A sober reassessment of the American capacity to deal with the Iraqi dilemma is years overdue. Many opportunities have been missed, but it is not too late to avoid the threat of large-scale warfare and the use of weapons of mass destruction that still may lie ahead. Even short of such dreadful events, there is a clear danger of major regional upheavals that could affect the world economy and undermine American leadership. Here I will lay out in summary what I believe our options are, the chances of success of each one, and the cost of trying to implement it.
I base my assessment on over half a century of work and study on the Middle East as a scholar, as a businessman, and as a United States government policy planner. I have lived in Iraq under previous regimes, have closely observed Iraqi society, have visited units of the Iraqi army, have talked with most of the current Iraqi leaders, and have shared observations and insights with British, French, Russian, and fellow American observers and officials.
We have, I believe, theoretically at least, seven options on what to do about Iraq. I begin with the first choice: supporting Saddam Hussein. Paradoxical as it now seems, that was the policy of the Reagan administration and the Bush administration until almost the eve of the Iraqi invasion of Kuwait. It was also the policy of the British, French, and Russian governments. All of us did it for similar reasons: we opposed the fundamentalist Shi’ite revolutionary regime of Iran; we all sought markets for our arms; we wanted Iraqi oil; and we accepted the beguiling vision of Saddam’s regime as both powerful and pliant (much as John Foster Dulles had done with an earlier Iraqi regime in the 1950s, when he negotiated the Baghdad Pact).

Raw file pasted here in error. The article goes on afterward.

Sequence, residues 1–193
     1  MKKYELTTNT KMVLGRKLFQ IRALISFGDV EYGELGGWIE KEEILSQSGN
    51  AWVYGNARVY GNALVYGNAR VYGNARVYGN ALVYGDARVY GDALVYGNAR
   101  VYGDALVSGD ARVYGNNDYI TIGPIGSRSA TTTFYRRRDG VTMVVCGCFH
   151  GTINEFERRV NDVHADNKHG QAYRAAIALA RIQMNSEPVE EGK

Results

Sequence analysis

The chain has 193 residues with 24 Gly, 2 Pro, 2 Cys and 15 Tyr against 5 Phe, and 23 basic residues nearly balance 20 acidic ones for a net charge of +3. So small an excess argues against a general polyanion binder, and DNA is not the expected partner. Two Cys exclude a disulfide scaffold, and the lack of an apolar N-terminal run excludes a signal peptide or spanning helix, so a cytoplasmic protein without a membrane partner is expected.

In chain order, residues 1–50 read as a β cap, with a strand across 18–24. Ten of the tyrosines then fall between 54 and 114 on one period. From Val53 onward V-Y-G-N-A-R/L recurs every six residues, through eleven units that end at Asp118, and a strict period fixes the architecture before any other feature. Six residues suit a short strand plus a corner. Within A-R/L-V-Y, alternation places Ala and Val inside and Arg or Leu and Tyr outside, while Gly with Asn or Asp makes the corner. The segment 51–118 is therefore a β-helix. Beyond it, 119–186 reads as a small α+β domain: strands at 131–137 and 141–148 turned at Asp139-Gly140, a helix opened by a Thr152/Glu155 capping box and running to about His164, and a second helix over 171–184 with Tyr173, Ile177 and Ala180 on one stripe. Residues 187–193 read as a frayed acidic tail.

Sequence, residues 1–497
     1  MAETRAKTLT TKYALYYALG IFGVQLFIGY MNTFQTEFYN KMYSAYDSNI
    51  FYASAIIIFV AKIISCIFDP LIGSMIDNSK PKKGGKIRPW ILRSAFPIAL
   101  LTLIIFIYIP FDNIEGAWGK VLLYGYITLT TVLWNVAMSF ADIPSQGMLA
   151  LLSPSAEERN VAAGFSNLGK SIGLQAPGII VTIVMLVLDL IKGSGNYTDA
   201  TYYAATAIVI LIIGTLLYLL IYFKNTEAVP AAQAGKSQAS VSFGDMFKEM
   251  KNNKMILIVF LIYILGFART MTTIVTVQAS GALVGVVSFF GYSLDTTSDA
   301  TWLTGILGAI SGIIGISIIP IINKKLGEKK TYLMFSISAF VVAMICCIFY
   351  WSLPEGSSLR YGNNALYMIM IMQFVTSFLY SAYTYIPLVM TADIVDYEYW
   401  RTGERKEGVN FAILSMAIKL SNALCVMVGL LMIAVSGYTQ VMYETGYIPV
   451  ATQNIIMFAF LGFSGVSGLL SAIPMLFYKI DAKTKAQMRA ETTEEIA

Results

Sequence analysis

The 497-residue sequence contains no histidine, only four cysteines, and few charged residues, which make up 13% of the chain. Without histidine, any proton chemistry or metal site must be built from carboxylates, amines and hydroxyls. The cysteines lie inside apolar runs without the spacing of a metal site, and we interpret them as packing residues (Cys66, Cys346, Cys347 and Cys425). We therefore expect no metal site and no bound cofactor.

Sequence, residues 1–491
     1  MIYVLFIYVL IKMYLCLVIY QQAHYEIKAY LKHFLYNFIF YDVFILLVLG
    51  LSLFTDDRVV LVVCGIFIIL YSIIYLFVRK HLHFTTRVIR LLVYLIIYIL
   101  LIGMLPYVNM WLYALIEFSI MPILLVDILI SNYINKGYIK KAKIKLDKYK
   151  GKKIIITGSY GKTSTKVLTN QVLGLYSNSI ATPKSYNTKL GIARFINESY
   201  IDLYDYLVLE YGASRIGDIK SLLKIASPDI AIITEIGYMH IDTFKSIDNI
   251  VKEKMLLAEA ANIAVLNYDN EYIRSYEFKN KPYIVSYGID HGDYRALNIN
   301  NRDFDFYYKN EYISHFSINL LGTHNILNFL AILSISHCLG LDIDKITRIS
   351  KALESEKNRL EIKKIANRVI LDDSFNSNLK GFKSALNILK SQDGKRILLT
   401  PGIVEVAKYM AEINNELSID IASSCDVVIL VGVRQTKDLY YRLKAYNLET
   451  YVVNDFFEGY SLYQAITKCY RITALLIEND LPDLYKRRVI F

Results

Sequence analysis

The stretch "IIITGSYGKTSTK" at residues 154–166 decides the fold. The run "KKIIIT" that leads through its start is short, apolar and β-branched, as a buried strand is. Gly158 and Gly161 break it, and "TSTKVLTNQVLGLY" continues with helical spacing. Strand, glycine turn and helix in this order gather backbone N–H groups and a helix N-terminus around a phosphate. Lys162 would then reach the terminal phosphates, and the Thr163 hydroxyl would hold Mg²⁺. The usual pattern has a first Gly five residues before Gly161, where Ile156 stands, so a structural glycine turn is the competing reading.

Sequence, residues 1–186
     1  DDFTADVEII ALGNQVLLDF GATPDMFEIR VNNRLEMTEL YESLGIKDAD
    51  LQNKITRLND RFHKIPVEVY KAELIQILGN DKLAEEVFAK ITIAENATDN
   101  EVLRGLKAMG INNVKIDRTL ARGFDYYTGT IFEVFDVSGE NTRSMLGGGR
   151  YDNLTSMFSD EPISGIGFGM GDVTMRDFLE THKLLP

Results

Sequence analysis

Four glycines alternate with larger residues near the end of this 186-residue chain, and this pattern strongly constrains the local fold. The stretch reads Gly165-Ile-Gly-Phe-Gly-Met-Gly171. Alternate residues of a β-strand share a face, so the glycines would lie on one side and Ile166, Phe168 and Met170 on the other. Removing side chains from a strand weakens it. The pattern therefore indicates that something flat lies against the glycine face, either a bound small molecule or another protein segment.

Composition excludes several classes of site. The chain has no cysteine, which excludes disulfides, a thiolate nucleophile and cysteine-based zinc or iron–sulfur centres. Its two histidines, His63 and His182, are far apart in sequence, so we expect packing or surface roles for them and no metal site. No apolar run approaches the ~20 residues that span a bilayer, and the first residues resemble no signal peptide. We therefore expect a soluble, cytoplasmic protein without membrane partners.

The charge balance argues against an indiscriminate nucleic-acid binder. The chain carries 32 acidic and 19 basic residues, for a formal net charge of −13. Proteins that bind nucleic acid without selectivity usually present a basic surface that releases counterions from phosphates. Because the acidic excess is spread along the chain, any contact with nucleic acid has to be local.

The United States implemented its pro-Saddam policy by providing Iraq with the most sophisticated intelligence then at its disposal in order to enable Iraq to defeat or contain the vastly more powerful Iranians. During the 1970s and 1980s, we competed vigorously both commercially and through government action with our allies over who would supply the Iraqis with weapons and technology beyond what the Russians could or would supply. And we either stood aside or encouraged efforts by the Iraqi regime to increase its domestic and regional power, as, for example, in the virtual coalition it formed with Turkey, our NATO ally, to try to crush the Kurdish revolt.
This policy came apart not because we disliked Saddam Hussein or abhorred his brutal police state. The nature of the man and his regime were clearly evident to any observer in the heyday of our pro-Iraqi policy. What destroyed this policy was a combination of Saddam’s greed and an astonishing diplomatic blunder by the US.
Saddam overspent on arms, development, and grandiose monuments. He needed money. Neighboring Kuwait was a convenient bank. He drew on it and received many hundreds of millions of dollars, but he needed …
Copyright å© 1999 by William R. Polk.
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